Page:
Episode 3 Show Notes

Show Notes for Distrohoppers’ Digest

Episode 003


<Moss>Distro-hopping: The idea that Linux is fun, and the myriad of ways people put distros together should be reviewed often. My name is Moss. I live in eastern Tennessee.

<Tony> And my name is Tony. I live in northwest England.

<Moss>Welcome to Distro Hoppers’ Digest.

<Moss>We love checking distros out — new distros, new versions of older distros and maybe even some old distros we’ve missed. I have my preferences, and Tony has his. Perhaps together we can find some common ground to share with you.

<Tony>The idea of this podcast is that we will each install a new distro to our chosen hardware for 3-4 weeks and use it as much as possible, perhaps even as our daily driver. We record all our trials, tribulations, fixes, what we like and what we don’t.

<Moss>I like to find distros which would be kind to a new user, especially one who is hoping to move over from another operating system, such as Windoze or MachOS. We intend to give as much information as possible on each distro, and will also divulge what hardware we are using and how we think the hardware may have affected the rating.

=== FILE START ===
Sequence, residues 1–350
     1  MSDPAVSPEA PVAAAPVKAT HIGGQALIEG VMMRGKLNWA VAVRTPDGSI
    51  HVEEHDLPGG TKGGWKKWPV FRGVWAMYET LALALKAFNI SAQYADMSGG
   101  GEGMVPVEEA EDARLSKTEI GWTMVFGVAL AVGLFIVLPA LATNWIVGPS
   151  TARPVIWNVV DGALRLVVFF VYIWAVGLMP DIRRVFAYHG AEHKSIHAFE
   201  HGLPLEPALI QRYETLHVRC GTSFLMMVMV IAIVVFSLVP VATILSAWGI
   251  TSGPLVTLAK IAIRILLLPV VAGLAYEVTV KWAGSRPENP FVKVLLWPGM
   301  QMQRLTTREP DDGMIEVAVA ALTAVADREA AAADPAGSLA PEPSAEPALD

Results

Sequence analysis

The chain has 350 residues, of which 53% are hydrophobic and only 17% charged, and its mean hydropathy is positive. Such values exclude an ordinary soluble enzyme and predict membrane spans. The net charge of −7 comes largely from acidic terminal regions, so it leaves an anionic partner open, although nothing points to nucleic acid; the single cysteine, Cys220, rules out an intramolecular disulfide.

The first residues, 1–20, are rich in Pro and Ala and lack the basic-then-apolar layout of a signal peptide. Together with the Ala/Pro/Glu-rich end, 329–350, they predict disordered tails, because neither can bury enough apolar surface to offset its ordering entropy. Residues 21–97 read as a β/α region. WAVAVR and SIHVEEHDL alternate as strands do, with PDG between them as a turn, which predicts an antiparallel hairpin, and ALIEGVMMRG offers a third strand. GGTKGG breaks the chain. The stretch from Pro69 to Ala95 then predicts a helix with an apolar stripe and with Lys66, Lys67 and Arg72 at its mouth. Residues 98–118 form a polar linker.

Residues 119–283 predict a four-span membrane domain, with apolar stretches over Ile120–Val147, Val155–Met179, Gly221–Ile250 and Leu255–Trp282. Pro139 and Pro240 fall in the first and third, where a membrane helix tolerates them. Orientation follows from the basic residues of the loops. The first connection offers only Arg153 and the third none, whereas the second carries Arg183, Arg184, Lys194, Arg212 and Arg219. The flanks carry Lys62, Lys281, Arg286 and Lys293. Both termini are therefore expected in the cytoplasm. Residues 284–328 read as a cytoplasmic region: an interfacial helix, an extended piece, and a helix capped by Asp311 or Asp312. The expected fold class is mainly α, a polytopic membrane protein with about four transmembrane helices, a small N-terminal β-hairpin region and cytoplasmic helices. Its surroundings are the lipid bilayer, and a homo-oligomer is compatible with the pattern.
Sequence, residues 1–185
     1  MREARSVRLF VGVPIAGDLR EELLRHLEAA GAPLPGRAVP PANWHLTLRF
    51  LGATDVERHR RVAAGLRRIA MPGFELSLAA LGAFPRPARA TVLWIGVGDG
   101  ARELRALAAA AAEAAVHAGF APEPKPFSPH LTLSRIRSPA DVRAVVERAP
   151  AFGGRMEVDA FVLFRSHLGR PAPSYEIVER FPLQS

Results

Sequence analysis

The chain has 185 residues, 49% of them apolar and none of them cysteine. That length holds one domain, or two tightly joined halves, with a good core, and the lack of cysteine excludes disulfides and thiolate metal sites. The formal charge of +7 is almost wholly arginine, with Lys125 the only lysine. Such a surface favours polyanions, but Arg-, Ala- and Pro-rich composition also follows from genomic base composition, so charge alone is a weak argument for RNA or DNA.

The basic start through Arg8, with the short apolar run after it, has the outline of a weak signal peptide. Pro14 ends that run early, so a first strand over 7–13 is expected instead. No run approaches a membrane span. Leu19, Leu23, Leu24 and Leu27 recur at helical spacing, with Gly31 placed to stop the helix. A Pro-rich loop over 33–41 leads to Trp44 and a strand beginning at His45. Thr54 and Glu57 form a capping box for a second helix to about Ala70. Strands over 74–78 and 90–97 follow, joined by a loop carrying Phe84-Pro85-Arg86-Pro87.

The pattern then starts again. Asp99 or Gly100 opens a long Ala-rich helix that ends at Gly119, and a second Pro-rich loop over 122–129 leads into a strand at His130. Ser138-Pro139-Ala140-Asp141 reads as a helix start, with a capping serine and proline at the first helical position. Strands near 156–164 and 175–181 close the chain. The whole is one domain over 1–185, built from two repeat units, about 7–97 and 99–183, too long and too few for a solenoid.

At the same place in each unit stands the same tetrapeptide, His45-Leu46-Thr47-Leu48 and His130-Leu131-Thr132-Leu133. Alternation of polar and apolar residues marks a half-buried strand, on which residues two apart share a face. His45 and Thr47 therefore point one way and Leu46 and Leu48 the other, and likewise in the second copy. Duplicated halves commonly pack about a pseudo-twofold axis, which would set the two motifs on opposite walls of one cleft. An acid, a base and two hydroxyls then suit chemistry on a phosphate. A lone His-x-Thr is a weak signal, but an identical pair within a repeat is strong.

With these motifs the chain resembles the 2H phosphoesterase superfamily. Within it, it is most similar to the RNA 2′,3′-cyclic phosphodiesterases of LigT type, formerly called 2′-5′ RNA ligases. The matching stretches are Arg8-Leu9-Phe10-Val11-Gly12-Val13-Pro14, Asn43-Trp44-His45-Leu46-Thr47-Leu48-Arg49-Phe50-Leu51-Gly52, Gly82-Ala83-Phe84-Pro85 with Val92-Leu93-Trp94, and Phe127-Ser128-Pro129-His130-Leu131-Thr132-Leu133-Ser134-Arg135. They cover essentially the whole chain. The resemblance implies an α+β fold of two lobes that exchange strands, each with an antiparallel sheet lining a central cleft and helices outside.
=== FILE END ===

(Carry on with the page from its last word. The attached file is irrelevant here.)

<end pre-recorded section>

<Moss> Welcome to Distrohopper’s Digest, Episode 3, recorded on June 19, 2019. For this show, we decided to review PCLinuxOS and Bodhi 5.0.0. We’d like to hear from you what you’d like to see us take on — be it Debian, Red Hat, Arch, Suse, Mandriva, Slackware or Gentoo based distros.

On to this month’s first distro, PCLinuxOS.





<Tony> My installation of PCLinuxOS was done on a Lenovo X230i with a i3 CPU and 8Gb Ram although I did test a dual boot with Windows 10 on one of my Dell E6220’s to test its ability to allow dual booting fairly easy.

These are the minimum requirements that the site says you will need to run PCLinuxOS


Any Intel, AMD or VIA x86_64 processor.

Memory & storage

RAM : 512 MB minimum, 2 GB or more recommended.